Global capital and global project development: An interview with Conergy CEO Andrew de Pass


pv magazine: Can you give us a broad overview of Conergy’s global solar development and asset management business, and the main markets that you operate in?

de Pass: Conergy continues to be focused on development, finance, installation and long-term asset management throughout our platform, operating out of 15 countries through three hubs: Singapore for APAC, Miami for the Americas, and Hamburg for Middle East, Africa and India. In 2015 we developed and built around 450 MW, with about $500 million of revenue. That’s around a 50% increase from our 295 MW globally in 2014.

We benefit from our global diversification, in that in 2014 our biggest market was the UK, in 2015 our largest market was Southeast Asia, primarily the Philippines, and in 2016, thanks the extension of the ITC credit and a fabulous development and finance team, the U.S. will be our largest market.

We continue to see, as a developer that also can build and manage assets long-term, significant pools of new capital coming in to own solar. We know solar is like real estate without occupancy risk. So in the last two quarters there has been significant interest from pension funds and sovereign wealth funds, to deploy capital globally to developers like Conergy.

pv magazine: I recently reported on your successful completion of 200 MW of projects in the Philippines by the feed-in tariff deadline. Congratulations. You don’t hear as much about the Philippines, but it seems that it will be a significant market if policy support continues. Can you comment briefly on what’s going on in the Philippines?

de Pass: Well, the Philippines, they have an offer that comes out usually in the first quarter of each year, and solar is a grid-parity offer and they do have significant capacity constraints with their current fleet. So this is been a grid parity story, although there is some PPA support from the government. ??Prior to the Philippines, we were the leader in Thailand, that had a very large solar program, where we developed and built over 150 MW. Last year we entered into Indonesia with the first utility-scale solar plant, small at around 5 MW, but there is supposed to be over a 2 GW market in Indonesia. And now we planning on entering the market in Malaysia, with one other party for a 55 MW plant.

So Southeast Asia is a very interesting growth market. There is policy support from the governments, but also in most cases they are grid parity markets.

pv magazine: Right now we are preparing for the pending bankruptcy of the largest renewable energy developer globally. What is it like to be operating as a developer at this time, and do you think that the SunEdison bankruptcy will have larger impacts?

de Pass: Regarding the SunEdison pending bankruptcy, a lot of SunEdison’s problems were self-inflicted, very similar to what Conergy did five years ago. They went public, the market loved them, very high market value, then they loaded on too much corporate-level debt, and with that got very aggressive with acquisitions and vertical and horizontal integration – and hit a wall. That was Conergy five years ago, and that is SunEdison today.

I think what you have to do is to separate a global developer from the actual asset themselves. Regarding the solar projects themselves, there is very little impact. We see that the banks are there as they always have been, lending at very interesting terms, and we’re also seeing a lot of interest in the equity of projects from pension funds and sovereign wealth funds, family offices and high net worth.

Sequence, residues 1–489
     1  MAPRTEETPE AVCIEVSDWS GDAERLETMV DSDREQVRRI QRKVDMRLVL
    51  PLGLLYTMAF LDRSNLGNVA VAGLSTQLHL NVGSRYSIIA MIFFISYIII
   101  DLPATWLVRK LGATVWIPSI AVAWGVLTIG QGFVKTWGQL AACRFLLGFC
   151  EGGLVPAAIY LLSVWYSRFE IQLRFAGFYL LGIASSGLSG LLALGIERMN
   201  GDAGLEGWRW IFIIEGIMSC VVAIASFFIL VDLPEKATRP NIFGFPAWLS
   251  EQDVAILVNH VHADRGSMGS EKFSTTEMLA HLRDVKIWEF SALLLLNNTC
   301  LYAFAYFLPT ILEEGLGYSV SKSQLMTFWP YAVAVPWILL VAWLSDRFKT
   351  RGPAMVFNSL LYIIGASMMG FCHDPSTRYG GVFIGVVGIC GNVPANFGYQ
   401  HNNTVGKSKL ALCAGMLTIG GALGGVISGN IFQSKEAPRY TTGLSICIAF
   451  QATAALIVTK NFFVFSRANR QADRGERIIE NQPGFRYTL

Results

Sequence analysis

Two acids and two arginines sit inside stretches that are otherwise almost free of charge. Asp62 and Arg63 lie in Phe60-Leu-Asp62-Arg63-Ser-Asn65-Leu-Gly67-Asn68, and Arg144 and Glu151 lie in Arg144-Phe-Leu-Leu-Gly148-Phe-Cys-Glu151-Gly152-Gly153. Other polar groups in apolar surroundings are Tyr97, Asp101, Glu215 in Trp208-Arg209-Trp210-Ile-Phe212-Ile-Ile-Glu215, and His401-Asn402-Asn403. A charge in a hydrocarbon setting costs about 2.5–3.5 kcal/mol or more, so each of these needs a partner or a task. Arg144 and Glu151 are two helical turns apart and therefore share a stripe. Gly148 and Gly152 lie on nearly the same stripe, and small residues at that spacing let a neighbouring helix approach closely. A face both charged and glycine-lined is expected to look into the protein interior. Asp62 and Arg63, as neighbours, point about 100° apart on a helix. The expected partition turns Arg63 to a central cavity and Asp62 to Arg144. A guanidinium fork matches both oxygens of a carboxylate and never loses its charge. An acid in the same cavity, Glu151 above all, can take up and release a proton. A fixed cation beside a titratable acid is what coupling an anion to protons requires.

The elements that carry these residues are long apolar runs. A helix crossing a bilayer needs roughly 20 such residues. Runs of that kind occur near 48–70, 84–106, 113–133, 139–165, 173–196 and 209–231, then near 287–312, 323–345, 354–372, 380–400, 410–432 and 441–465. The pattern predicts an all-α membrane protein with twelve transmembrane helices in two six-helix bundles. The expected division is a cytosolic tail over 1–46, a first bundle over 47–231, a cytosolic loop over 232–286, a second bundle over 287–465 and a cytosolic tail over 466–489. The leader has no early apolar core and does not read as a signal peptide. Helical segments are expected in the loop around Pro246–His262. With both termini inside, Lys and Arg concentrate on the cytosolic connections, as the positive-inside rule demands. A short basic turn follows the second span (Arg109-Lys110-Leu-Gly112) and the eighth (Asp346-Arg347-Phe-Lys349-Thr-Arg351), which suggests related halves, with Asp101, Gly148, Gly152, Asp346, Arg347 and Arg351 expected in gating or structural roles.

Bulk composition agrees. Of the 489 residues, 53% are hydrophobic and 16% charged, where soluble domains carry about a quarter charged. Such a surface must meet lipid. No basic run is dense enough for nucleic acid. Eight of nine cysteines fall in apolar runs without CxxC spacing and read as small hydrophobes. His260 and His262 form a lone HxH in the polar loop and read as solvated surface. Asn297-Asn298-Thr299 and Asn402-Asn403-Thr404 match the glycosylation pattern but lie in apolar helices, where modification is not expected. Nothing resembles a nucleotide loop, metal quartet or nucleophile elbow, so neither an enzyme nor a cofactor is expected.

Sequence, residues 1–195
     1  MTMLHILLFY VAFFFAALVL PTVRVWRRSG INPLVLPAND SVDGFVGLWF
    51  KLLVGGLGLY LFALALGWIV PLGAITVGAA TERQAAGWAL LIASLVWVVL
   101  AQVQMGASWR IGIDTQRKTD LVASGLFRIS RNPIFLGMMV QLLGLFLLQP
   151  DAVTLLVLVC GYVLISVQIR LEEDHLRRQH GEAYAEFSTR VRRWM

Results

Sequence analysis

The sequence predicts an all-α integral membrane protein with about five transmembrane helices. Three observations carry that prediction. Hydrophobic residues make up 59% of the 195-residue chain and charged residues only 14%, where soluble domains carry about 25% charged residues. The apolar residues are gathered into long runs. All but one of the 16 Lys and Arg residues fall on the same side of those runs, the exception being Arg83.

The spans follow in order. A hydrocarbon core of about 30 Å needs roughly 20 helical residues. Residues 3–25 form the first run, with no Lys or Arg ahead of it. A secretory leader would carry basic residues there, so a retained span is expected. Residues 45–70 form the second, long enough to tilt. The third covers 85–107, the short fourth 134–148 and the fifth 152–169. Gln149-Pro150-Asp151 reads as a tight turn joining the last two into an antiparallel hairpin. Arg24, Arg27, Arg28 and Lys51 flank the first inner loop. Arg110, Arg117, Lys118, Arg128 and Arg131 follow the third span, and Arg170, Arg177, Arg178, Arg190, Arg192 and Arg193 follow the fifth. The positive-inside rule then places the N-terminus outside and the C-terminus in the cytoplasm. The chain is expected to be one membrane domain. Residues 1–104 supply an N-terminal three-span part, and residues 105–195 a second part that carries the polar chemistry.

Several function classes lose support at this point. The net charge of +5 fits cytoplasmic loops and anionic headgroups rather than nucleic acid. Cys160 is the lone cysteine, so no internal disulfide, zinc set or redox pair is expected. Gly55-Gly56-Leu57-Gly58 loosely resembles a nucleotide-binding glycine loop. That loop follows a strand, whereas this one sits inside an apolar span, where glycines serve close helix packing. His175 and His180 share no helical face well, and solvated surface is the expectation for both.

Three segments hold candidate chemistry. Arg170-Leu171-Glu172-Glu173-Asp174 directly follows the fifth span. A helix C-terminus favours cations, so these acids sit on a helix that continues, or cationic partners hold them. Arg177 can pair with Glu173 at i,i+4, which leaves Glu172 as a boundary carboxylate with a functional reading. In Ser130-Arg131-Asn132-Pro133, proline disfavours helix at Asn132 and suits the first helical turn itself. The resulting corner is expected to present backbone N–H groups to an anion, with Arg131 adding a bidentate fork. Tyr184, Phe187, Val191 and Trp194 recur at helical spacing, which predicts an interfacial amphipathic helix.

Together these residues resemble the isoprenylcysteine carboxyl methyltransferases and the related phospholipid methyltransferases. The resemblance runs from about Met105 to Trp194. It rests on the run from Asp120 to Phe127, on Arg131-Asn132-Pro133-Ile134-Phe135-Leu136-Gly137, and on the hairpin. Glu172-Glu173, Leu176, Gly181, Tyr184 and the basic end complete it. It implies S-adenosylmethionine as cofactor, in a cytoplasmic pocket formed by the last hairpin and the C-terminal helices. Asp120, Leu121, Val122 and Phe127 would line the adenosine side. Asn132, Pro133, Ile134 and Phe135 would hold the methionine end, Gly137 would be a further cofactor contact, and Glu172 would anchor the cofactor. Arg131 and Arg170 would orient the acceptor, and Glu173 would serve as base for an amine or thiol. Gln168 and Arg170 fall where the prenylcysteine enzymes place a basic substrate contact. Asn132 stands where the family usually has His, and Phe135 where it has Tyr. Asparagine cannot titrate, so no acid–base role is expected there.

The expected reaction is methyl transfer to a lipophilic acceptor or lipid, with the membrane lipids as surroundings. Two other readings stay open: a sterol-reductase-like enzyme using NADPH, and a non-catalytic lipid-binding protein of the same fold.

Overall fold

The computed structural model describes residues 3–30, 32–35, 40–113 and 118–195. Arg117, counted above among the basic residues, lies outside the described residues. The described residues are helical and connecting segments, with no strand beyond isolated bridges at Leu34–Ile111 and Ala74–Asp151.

I think it will clearly be among the top non-financial bankruptcies when you get a filing, so people will lose money. Investors lost money, a lot of supposedly smart hedge funds lost money, in the collapse of the stock price, and creditors will lose money. That’s not helpful to us in the very short term, as we are very similar to SunEdison albeit smaller, as we do have a global footprint.

You also have suppliers – module and inverter suppliers – with a lot of exposure to SunEdison. So we have some concern about it.

?I think the thing about the SunEdison process is that it is absolutely a self-inflicted situation.

pv magazine: Absolutely. We in the renewable energy space understand this.

de Pass: I still have to answer the question from people who are not in the space. Even some of our employees, they have gone through many restructurings, they are still in Hamburg, they are going to see this and go, God, what is going on now?

So I put out a video today to all of our employees to tell them: We are in a good position, the business model is tough, we have very little corporate debt, and we are going to be OK.

pv magazine: To get to the asset management portion: Yieldcos have become the rage, all of these different companies have started yieldcos, even these companies which were initially somewhat resistant, like SunPower and First Solar. Conergy’s asset management has followed a different model. Can you talk about that choice?

de Pass: We have moved into selective asset ownership. Selective means that we can only own based on the capital that we have. And that is anchored in the U.S. and specifcally around 70 MW in North Carolina, around 20 MW in the UK, and we will have around 13 MW in Australia, which includes a storage solution.

So our approach will be to be the integrated asset manager for other pools of capital. So asset management means technical operations & maintenance, which we will outsource, financial and contract compliance. So think of us more as developing private yieldcos.

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